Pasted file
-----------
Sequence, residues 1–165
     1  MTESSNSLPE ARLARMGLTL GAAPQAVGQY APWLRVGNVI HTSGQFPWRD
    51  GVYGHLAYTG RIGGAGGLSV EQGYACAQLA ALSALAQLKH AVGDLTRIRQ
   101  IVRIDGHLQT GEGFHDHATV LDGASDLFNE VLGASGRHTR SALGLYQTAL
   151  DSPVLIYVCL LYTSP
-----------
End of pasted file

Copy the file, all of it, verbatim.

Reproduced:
Sequence, residues 1–165
     1  MTESSNSLPE ARLARMGLTL GAAPQAVGQY APWLRVGNVI HTSGQFPWRD
    51  GVYGHLAYTG RIGGAGGLSV EQGYACAQLA ALSALAQLKH AVGDLTRIRQ
   101  IVRIDGHLQT GEGFHDHATV LDGASDLFNE VLGASGRHTR SALGLYQTAL
   151  DSPVLIYVCL LYTSP